Today, OpenTelemetry Python distributed tracing API/SDK released its 1.0 version. This version is marked as stable based on the OpenTelemetry specification! We are on a journey to bring end-to-end, vendor-neutral observability to Python developers or service engineers working on distributed applications.
This new release includes the following:
- OpenTelemetry Python APIs: Tracing API, Baggage API, Context API and Propagators API.
- An SDK providing controls for sampling, processing, and export.
- Exporters to Jaeger, Zipkin and the OpenTelemetry Protocol (OTLP). With OTLP you can use OpenTelemetry Collector to export traces to a multitude of exporters.
- Documentation, which includes samples, getting started guides and the latest stable api documentation.
The OpenTelemetry vision is to create a worldwide standard for all three pillars of observability: distributed tracing, metrics, and logs. This release addresses the first of the three pillars — distributed tracing. We continue to work on metrics and logs.
OpenTelemetry is meant to converge and sunset two prior open source projects: OpenTracing and OpenCensus. OpenTracing customers will be able to use the OpenTracing Shim to migrate their instrumentation shortly after the specification becomes stable. OpenCensus customers do not currently have a shim to OpenTelemetry, and customers can rely on vendor-specific guidance for potential future migrations.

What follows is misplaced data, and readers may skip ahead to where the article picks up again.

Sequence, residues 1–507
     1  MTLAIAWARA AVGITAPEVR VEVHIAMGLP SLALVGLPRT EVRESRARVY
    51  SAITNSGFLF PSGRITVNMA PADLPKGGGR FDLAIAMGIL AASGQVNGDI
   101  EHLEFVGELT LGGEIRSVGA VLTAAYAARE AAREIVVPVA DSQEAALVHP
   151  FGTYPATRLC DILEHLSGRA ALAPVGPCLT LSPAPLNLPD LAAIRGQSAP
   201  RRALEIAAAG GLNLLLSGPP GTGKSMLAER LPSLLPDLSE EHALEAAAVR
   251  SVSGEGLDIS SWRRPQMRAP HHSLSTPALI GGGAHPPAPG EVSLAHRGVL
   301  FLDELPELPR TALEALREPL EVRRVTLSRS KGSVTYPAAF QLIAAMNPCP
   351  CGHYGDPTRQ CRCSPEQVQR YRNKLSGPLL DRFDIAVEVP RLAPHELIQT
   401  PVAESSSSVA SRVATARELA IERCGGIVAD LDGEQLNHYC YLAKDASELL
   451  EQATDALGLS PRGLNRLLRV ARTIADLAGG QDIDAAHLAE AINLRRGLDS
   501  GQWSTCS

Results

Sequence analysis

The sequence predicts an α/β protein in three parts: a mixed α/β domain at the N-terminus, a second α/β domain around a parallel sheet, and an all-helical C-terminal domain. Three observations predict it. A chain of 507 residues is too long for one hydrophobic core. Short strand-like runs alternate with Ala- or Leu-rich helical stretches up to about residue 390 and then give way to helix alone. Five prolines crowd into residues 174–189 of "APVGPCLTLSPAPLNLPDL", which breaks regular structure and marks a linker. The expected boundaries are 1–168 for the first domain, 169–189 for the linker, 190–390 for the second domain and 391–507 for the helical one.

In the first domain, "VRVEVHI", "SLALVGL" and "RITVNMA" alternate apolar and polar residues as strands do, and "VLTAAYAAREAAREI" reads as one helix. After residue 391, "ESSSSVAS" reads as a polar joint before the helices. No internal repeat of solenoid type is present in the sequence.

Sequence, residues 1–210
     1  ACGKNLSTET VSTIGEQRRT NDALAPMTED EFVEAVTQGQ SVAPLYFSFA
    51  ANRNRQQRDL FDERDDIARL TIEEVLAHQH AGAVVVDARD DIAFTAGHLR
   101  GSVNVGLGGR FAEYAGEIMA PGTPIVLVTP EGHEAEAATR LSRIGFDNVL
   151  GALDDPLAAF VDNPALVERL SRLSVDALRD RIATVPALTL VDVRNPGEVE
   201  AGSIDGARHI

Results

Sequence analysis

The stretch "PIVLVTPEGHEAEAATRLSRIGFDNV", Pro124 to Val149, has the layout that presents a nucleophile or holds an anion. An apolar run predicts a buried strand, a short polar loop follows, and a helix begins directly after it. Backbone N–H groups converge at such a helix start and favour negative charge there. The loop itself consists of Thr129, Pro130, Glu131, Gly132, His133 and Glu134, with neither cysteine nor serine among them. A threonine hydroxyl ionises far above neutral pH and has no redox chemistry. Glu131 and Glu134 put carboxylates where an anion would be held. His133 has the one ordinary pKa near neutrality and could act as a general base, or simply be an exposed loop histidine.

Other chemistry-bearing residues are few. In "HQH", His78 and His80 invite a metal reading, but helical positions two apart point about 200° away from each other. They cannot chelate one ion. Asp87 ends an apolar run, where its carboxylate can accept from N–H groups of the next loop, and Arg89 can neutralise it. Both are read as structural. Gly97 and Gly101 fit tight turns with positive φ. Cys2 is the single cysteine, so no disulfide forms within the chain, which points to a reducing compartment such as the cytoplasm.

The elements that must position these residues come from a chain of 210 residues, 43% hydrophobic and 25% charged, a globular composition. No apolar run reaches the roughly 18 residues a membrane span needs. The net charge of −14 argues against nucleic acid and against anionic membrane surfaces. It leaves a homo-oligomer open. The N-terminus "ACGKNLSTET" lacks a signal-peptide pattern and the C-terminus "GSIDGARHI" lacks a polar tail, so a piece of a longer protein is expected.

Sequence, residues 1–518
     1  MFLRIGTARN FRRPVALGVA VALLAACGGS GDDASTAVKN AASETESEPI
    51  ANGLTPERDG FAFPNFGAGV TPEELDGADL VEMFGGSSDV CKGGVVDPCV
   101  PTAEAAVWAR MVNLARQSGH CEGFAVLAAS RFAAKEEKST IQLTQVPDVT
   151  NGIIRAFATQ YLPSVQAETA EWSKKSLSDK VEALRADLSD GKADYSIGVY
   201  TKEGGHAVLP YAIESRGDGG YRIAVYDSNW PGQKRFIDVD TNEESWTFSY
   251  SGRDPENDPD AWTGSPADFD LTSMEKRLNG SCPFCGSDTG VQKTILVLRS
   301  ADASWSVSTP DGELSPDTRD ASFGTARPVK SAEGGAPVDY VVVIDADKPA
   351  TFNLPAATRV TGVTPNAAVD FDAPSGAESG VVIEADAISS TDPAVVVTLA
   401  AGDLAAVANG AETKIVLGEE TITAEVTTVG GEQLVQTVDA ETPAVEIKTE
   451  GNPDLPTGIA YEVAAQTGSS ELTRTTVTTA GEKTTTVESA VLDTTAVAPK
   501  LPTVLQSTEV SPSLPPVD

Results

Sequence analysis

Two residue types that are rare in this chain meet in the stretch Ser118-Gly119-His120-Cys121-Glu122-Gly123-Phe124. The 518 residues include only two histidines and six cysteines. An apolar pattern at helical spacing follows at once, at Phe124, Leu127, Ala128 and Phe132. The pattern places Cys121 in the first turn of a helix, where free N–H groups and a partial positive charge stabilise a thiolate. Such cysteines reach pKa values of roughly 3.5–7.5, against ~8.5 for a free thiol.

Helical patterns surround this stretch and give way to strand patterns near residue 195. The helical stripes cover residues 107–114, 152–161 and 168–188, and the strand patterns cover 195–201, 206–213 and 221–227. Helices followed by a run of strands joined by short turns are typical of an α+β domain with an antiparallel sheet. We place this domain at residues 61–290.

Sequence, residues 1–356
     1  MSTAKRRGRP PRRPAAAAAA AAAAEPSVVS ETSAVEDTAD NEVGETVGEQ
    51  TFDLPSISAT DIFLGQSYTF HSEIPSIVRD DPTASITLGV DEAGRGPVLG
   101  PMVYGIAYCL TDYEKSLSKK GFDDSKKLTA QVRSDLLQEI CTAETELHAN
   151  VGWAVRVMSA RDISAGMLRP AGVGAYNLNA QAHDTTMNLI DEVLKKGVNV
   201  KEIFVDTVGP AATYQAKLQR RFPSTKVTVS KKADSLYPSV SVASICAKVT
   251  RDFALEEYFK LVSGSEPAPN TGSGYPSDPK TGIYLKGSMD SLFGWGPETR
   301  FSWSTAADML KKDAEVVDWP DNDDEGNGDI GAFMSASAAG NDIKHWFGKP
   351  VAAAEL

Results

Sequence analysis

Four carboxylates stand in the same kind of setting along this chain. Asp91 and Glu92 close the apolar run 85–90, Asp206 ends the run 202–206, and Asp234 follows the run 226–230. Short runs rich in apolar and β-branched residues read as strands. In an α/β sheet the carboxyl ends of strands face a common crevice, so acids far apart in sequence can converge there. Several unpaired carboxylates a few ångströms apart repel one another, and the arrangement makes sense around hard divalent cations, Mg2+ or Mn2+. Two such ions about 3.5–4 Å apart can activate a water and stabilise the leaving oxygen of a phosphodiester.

If you’d like to try it out yourself, check out the getting started guide here.
This open source project included contributions from 96+ developers from 30+ organizations. A special thanks to Alex Boten (Lightstep) and Leighton Chen (Microsoft) for spending considerable time as maintainers and together reviewing 800+ pull requests (fun nerdy facts!).
Our roadmap over the next several months includes:
- Improving and Adding Python Instrumentation Libraries.
- Building Metrics API/SDK.
- Post-Release Tracing API/SDK Improvements.
Improving and adding instrumentation libraries will enable out-of-box distributed tracing across common Python instrumentation libraries including Flask, Django, PostgreSQL, and MySQL. Many instrumentation libraries are experimental now and will continue to mature over the next several months.
We are actively looking for additional contributors! Anyone interested in learning more about OpenTelemetry Python is welcome to join our rapidly growing community on GitHub, join the OpenTelemetry Python channel on the CNCF Slack instance (If you’re new, you can create a CNCF Slack account here), or participate in our weekly community meeting!